12 May 2015, Vol. 13, No. 8

Editorial: How to be unacceptable in an NPT outcome document
Ray Acheson | Reaching Critical Will of WILPF

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In their reactions to the draft text from Subsidiary Body 1 (SB 1) on forward-looking commitments for nuclear disarmament, most of the NPT nuclear-armed states argued that the text was “unacceptable”. They demanded that the entire text be scrapped and that the outcome from Main Committee I (MC I) draw exclusively on a revised version of the MC I draft. This is an unacceptable approach to this Review Conference outcome. The overwhelming majority of states parties have demanded further, faster, more concrete, more transparent, verifiable, irreversible, and time-bound actions on nuclear disarmament. To reject everything in SB 1, which is already a weak text, is a straightforward assertion of power by a few states over the rest of the world.

During the public meeting of MC I on Monday afternoon, France, the UK, and the US all said SB 1 does not provide a basis for consensus. China and Russia spoke out against this draft as well. These states, as wielders of nuclear weapons, clearly do not want to accept any language suggesting that their weapons are unacceptable or that exposes their failure to fulfill the legal obligation to eliminate them.

The nuclear-armed states all rejected the notion that they are not in compliance with their article VI obligations, highlighting their arsenal reductions over the years. This argument conveniently ignores the plans and programmes for nuclear weapon modernisation ongoing in all of their countries. France and Russia also rejected the notion that the pace of disarmament is too slow—even though this has been lamented even by the staunchest nuclear-dependent allies. Ambassador Simon-Michel seemed to think this was absurd, wishing that efforts to combat climate change or tax evasion were going as well as nuclear disarmament.

More broadly, there was push back against the language on new legal instruments. During the debate on effective measures on Friday, the US firmly argued that there is no legal gap in the NPT and that effective measures are not limited to multilateral, legally-binding actions. Instead, the US argued, effective implementation of article VI should be achieved through what the 1995 outcome described as “systematic and progressive efforts” by the nuclear-armed states with the “ultimate goal” of elimination. “We can accept that the final phase in the nuclear disarmament process should be pursued within an agreed legal framework,” conceded Ambassador Wood. But “nothing in Article VI requires time frames or specific requirements for achieving the final elimination of nuclear weapons.” The US reiterated this view in its statement in MC I on Monday, where it, and France, rejected any attempts to include timeframes for disarmament in the outcome document.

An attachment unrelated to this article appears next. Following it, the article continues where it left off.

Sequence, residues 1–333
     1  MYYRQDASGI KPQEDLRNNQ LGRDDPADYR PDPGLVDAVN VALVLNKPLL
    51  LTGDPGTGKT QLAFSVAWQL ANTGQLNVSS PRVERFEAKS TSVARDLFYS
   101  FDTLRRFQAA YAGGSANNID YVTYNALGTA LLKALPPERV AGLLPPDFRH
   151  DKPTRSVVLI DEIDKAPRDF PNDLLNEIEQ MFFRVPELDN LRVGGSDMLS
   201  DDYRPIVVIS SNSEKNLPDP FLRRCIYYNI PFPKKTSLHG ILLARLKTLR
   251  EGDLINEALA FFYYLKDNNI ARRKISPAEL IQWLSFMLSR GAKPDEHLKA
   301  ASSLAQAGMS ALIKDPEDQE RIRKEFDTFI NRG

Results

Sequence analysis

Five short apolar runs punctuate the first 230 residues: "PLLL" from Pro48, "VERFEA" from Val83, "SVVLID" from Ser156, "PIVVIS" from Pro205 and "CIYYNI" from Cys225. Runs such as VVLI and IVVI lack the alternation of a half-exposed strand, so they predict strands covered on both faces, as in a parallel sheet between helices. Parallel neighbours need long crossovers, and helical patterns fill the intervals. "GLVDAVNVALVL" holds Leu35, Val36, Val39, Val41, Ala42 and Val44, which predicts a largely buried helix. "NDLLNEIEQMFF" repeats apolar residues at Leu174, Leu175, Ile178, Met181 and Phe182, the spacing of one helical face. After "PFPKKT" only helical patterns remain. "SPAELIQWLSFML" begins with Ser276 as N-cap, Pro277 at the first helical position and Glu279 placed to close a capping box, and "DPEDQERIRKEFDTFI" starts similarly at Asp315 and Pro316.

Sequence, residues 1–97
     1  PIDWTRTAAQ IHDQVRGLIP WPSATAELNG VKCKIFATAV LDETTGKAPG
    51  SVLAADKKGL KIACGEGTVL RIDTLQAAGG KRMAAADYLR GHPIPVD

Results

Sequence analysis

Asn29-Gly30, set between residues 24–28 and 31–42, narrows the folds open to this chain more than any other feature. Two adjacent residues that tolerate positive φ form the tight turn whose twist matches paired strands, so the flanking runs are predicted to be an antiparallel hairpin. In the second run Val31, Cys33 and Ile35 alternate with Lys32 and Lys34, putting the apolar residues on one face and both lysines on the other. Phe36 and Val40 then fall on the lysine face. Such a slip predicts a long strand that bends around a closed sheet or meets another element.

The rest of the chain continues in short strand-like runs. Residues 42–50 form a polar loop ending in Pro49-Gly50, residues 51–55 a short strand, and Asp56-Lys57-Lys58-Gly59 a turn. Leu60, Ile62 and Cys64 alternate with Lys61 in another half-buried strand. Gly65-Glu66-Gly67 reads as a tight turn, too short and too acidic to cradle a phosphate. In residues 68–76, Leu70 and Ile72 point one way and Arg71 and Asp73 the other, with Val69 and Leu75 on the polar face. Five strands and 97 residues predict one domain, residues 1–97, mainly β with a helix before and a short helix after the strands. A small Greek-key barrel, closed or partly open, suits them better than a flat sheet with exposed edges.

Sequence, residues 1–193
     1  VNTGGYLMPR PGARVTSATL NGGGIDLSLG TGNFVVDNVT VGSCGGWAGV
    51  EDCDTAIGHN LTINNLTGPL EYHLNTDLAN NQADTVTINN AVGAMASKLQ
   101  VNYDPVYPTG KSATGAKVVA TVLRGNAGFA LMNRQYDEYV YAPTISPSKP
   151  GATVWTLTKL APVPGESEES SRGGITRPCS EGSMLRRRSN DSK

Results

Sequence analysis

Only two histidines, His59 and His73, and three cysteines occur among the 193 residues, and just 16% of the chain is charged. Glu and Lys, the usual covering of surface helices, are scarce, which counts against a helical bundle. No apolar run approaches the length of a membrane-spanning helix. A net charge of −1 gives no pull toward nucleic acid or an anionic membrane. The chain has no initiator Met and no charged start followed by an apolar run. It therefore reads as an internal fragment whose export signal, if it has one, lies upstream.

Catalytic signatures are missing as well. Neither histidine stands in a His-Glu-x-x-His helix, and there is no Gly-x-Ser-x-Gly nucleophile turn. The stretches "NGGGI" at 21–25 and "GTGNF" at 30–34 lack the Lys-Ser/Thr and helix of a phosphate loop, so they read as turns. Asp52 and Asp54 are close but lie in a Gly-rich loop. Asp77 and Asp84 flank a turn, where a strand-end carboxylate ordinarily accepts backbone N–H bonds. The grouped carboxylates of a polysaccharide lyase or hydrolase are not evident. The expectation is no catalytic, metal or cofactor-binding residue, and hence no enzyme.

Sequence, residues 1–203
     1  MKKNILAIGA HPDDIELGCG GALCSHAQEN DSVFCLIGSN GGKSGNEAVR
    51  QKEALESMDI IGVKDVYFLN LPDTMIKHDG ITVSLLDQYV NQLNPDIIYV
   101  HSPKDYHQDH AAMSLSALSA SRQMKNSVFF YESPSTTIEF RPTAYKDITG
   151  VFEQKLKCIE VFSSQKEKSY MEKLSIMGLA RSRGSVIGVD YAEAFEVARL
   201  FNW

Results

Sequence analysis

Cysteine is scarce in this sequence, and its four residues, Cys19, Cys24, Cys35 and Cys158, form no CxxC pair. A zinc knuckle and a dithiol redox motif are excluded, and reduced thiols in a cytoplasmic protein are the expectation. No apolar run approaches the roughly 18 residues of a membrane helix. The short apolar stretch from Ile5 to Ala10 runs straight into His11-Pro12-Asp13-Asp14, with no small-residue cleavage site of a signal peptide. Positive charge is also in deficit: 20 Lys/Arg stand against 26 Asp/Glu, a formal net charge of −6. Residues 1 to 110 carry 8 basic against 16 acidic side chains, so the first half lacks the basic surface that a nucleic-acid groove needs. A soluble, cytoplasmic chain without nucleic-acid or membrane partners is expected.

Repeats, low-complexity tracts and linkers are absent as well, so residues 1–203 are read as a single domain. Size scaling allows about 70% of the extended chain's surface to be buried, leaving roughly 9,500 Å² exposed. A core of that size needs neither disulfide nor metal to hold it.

The majority of delegations, however, seemed to find the nuclear-armed states’ approach to this document unacceptable. Most states argued that the outcome text on disarmament would have to reflect most if not all of the existing SB 1 text, and that the commitments contained within this draft document should be strengthened. There were calls for explicit language challenging nuclear sharing arrangements, modernisation, the slow pace of disarmament, and the distinct lack of timeframes contained in the draft. Costa Rica, calling for the reference to the “slow pace” of nuclear disarmament to be changed to “lack” of disarmament, also emphasised that the outcome must highlight the legal gap with respect to the prohibition and elimination of nuclear weapons.